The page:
If you’re planning to move to a senior community or smaller residence to cut down on maintenance costs, you will need to downsize. This means paring down the number of items you have in your home and in storage, whether that’s large furniture items or collectibles.
But when is the right time to start downsizing? It depends on your wants and needs, but we do have some advice to offer when it comes to deciding when is the right time for you.
Downsizing for Seniors: When to Start
After living in the same home for years or decades, the idea of downsizing can seem overwhelming. That’s why there’s often no better time to start than the present! Consider the following factors as you prepare.
- Health. How’s your health? How’s your partner’s health? Do you really want to be worrying about downsizing when one or the other of you becomes ill? Think ahead and consider moving to a community that offers a home for the rest of your life.
- Time. Taking care of a big house takes time. Downsizing to a smaller home can free up time spent better on spoiling grandchildren, traveling, honing your craft, and so on.
- Safety. This applies to two different spheres: protection from crime and physical safety. When it comes to safety from crime, senior living communities offer things like 24-hour emergency monitoring systems to protect your safety and privacy. Also, you should consider your physical safety. Many homes are not safe for people with balance problems, low vision, memory issues, or difficulty walking. Make it a priority to move to a home that is handicap-accessible or an independent living or assisted living community where you can receive help in the future.
- Transportation. You may be able to drive now, but unless your present home is on a transit line, you are going to have problems if you can’t drive in the future. Even if you are able to drive, it can be a hassle — and an expense.
- Other interests. If you downsize, you’re likely to have more time to pursue other interests. This is especially true of travel. If you downsize to an apartment home in a senior living community, it’s easy to leave town and trust that everything will be just as you left it when you return, without having to make extensive arrangements.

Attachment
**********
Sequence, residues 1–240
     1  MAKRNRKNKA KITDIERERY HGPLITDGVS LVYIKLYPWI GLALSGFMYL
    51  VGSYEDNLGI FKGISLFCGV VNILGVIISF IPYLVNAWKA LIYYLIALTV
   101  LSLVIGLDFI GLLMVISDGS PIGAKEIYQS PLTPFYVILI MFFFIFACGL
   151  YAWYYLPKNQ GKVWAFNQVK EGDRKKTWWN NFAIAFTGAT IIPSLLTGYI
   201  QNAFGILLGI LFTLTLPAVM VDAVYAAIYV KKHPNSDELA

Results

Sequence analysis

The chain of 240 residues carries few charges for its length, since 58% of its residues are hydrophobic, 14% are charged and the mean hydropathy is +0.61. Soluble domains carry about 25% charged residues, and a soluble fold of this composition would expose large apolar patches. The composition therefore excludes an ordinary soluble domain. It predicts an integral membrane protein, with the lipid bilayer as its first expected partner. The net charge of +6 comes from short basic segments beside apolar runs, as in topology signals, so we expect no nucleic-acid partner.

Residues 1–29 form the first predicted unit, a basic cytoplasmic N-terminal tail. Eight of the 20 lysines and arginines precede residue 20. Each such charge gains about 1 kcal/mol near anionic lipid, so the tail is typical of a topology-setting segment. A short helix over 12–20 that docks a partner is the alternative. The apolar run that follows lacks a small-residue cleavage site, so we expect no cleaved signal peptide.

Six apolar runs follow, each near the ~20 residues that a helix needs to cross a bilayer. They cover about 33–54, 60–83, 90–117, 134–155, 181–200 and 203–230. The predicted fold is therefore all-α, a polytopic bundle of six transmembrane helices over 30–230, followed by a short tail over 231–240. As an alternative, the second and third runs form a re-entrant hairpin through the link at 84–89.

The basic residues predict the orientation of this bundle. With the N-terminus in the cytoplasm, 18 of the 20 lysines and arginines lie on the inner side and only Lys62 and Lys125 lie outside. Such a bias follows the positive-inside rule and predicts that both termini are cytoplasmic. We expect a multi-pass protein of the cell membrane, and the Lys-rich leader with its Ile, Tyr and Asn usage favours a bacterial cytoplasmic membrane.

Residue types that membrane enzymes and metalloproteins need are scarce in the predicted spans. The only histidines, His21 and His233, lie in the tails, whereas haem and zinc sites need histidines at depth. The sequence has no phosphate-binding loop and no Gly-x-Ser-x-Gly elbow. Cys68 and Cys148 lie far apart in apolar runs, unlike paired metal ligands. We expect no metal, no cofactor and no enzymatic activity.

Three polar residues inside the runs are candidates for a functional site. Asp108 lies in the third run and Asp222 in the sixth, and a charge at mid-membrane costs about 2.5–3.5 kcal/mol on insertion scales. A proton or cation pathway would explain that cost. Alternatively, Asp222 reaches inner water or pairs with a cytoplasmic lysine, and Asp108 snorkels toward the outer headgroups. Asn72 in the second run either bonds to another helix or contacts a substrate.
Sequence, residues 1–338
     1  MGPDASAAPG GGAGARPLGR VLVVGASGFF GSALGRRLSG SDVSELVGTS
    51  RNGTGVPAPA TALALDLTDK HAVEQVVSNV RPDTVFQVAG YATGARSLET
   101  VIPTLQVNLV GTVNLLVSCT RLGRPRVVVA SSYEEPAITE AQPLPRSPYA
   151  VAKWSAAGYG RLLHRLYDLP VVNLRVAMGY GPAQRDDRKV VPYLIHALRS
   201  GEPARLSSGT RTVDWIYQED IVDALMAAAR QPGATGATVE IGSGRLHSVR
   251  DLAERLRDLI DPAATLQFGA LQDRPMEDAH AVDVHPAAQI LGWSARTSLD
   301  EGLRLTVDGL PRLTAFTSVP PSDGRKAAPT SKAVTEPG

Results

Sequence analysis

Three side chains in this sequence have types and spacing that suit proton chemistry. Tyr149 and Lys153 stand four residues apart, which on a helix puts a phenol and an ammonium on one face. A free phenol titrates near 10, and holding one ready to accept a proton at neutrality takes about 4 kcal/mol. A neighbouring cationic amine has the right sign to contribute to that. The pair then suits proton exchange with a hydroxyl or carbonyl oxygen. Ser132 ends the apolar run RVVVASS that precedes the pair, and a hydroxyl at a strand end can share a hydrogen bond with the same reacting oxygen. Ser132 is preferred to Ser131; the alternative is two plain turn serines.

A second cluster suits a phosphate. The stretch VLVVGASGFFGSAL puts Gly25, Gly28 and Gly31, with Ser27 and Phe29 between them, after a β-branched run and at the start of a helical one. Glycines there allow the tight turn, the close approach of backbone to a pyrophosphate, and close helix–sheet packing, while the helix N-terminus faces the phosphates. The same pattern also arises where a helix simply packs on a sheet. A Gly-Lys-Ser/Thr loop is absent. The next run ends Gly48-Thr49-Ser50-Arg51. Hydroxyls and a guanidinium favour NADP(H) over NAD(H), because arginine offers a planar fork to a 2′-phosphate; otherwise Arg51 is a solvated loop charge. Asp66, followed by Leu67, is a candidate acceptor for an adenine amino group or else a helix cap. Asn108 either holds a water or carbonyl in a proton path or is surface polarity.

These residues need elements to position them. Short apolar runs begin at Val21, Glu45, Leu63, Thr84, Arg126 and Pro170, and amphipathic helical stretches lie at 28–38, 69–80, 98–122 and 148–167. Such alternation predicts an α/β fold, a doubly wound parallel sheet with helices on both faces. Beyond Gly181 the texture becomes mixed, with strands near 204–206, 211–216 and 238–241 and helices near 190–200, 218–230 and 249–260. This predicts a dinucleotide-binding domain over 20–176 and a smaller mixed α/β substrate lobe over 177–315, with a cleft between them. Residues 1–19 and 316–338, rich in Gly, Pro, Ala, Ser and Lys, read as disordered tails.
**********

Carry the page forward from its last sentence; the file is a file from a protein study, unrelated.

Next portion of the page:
- Opportunity. If you see another place where you’d like to live, get it now. Many living communities for older adults, such as independent living communities, have waiting lists. This may be a good time to take advantage of that opportunity.
- Socialization. Scientific research shows that your number of friends decreases as you age. Some of that decrease is caused by aging issues that make it more difficult to see friends. Making and maintaining friendships benefits mental and physical health. Retirement communities help make that easy by providing social opportunities and a built-in community.
- Ease of downsizing early. Many people put off downsizing until they’re forced to do so by ill health. Granted, moving is never easy, but it will never be easier than it is right now.
Downsizing to a Retirement Community
If you were reading through this list and found yourself agreeing with most of the points, it may be time to consider downsizing. Even if you aren’t quite ready to make the move yet, it can’t hurt to begin downsizing your belongings to make things easier on yourself in the future.
Here are some resources that can help you get started:
- Make Downsizing a Pleasure not a Pain
- Downsize Your Home, Upsize Your Life
- Downsizing Dilemmas: What to Discard
Also be sure to check out our free guide Downsizing and Decorating, to get some ideas on how you might like to decorate a new apartment home or cottage.